Washington, Jul 29: Scientists have found that land under the Chesapeake Bay - the largest estuary in the US - is sinking rapidly and the country's capital, Washington, DC, could drop by six or more inches by 2100 - adding to the problems of sea-level rise.
The falling land will exacerbate the flooding that Washington, DC, faces from rising ocean waters due to a warming climate and melting ice sheets, researchers said.
For sixty years, tide gauges have shown that sea level in the Chesapeake is rising at twice the global average rate and faster than elsewhere on the East Coast.
Geologists have hypothesised for several decades that land in this area, pushed up by the weight of a pre-historic ice sheet to the north, has been settling back down since the ice melted.
The new study - based on extensive drilling in the coastal plain of Maryland - has confirmed this hypothesis, and provides a firm estimate of how quickly this drop is happening.
Additionally, detailed field data make clear that the land sinking around Washington is not primarily driven by human influence, such as groundwater withdrawals, but instead is a long-term geological process that will continue unabated for tens of thousands of years, independent from human land use or climate change, researchers said.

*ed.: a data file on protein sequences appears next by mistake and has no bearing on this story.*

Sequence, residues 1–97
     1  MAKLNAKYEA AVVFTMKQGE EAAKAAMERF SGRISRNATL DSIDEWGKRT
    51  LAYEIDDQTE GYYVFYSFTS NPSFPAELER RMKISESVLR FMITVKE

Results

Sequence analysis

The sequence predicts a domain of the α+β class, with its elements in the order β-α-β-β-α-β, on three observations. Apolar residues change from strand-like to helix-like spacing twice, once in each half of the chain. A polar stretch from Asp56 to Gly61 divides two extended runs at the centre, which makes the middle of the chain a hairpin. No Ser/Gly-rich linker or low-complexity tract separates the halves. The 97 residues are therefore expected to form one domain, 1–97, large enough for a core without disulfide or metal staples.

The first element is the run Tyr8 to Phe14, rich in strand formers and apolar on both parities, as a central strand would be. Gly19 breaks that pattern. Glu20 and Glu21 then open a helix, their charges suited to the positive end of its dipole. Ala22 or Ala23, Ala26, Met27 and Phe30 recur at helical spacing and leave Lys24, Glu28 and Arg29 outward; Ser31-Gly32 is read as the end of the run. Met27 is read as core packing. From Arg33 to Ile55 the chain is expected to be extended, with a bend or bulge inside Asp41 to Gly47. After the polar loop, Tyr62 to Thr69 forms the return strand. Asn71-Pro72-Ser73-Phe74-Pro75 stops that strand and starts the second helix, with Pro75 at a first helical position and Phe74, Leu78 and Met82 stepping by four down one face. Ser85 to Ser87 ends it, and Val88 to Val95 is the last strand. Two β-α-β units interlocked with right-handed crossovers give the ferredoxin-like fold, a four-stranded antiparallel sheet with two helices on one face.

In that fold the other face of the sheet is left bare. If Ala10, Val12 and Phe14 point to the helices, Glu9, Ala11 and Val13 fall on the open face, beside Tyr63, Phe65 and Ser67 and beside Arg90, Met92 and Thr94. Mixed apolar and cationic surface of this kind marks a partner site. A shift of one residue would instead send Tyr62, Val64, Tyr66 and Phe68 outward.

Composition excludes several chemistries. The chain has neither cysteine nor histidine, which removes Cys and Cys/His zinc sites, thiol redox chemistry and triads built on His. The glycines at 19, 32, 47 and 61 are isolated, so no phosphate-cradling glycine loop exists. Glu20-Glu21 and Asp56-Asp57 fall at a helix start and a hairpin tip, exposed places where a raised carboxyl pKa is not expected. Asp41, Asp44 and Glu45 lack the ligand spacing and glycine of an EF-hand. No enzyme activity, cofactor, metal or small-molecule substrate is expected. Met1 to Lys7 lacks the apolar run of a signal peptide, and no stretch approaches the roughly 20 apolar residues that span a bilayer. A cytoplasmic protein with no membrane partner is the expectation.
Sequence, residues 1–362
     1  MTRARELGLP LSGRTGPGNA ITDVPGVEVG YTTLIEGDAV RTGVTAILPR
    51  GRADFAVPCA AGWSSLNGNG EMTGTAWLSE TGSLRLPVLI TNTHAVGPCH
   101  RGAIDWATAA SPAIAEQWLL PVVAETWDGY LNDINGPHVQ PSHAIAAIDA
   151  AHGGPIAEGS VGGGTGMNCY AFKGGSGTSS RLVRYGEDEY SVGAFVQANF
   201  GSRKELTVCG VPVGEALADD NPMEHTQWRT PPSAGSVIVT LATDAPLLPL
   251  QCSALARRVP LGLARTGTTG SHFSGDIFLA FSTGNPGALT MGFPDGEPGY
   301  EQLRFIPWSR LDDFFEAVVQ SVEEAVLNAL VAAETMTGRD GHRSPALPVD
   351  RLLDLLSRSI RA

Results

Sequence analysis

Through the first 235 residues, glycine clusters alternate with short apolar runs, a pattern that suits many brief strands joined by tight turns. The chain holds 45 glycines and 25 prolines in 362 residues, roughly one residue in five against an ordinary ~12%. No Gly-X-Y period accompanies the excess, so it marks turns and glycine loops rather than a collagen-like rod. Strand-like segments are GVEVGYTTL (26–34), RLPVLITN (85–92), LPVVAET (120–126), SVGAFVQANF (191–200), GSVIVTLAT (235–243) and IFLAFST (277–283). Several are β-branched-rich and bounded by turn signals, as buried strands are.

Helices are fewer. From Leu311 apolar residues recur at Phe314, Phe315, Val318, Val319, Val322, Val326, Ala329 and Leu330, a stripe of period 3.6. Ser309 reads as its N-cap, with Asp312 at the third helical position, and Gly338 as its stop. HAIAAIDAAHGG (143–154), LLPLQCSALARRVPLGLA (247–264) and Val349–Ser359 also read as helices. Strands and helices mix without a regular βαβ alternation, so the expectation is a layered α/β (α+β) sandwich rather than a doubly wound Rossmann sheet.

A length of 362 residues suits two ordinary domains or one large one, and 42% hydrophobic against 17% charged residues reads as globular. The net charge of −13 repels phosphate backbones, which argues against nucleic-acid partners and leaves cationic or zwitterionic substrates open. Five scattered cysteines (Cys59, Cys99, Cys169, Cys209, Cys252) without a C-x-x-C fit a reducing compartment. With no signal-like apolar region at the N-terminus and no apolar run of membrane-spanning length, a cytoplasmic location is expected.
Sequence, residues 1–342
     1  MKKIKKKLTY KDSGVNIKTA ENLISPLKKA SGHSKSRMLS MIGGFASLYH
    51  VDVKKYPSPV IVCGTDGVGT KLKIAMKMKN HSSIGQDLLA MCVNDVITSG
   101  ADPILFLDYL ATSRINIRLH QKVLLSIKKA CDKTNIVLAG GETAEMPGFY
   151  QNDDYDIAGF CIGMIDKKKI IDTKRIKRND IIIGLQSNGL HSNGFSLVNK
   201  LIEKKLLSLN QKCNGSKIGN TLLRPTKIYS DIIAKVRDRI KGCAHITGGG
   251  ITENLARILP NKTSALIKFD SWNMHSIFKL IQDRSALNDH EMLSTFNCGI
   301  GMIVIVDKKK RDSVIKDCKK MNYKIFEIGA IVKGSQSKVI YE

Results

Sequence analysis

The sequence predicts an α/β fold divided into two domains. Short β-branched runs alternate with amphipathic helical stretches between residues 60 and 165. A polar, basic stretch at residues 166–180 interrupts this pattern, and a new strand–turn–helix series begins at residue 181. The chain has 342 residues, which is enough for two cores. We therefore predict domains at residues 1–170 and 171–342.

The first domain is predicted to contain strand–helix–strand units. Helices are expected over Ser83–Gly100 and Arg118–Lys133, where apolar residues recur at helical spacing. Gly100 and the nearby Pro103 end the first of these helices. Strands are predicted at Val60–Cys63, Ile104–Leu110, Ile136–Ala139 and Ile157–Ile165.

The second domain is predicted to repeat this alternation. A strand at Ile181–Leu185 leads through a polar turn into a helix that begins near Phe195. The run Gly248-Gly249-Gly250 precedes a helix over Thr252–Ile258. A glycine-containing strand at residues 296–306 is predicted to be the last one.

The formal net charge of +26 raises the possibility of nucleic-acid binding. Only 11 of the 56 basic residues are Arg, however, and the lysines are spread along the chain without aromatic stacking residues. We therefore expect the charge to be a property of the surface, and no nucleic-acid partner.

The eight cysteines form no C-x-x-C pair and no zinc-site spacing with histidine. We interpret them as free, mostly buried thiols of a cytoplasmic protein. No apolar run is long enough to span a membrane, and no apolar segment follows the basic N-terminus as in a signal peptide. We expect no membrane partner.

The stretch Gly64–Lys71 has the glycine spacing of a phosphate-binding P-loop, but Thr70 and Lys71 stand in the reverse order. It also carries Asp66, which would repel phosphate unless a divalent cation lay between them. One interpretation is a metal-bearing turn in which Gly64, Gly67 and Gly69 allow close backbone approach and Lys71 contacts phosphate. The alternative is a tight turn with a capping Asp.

The research was conducted by a team of geologists from the University of Vermont, the US Geological Survey, and other institutions. Washington's woes come from what geologists call "forebulge collapse."
During the last ice age, a mile-high North American ice sheet, that stretched as far south as Long Island, piled so much weight on the Earth that underlying mantle rock flowed slowly outward, away from the ice.
In response, the land surface to the south, under the Chesapeake Bay region, bulged up. Then, about 20,000 years ago, the ice sheet began melting away, allowing the forebulge to sink again.
Ben DeJong, lead author on the new research, who conducted the study as a doctoral student at UVM's Rubenstein School of Environment and Natural Resources, and others drilled seventy boreholes, many up to a hundred feet deep, in and around the Blackwater National Wildlife Refuge, near Washington, on the Chesapeake's eastern shore.
Then they examined layers of sediment in these deep cores, using a suite of techniques to calculate the age of the sand, other rocks, and organic matter in each layer.
Combining this data with high-resolution LiDAR and GPS map data allowed the team to create a detailed 3D portrait of both the current and previous post-glacial geological periods in the Chesapeake, stretching back several million years.
This longer view gives the geologists confidence that they have a "bullet-proof" model, DeJong said, showing that the region today is early in a period of land subsidence that will last for millennia.
The results were published in the journal GSA Today.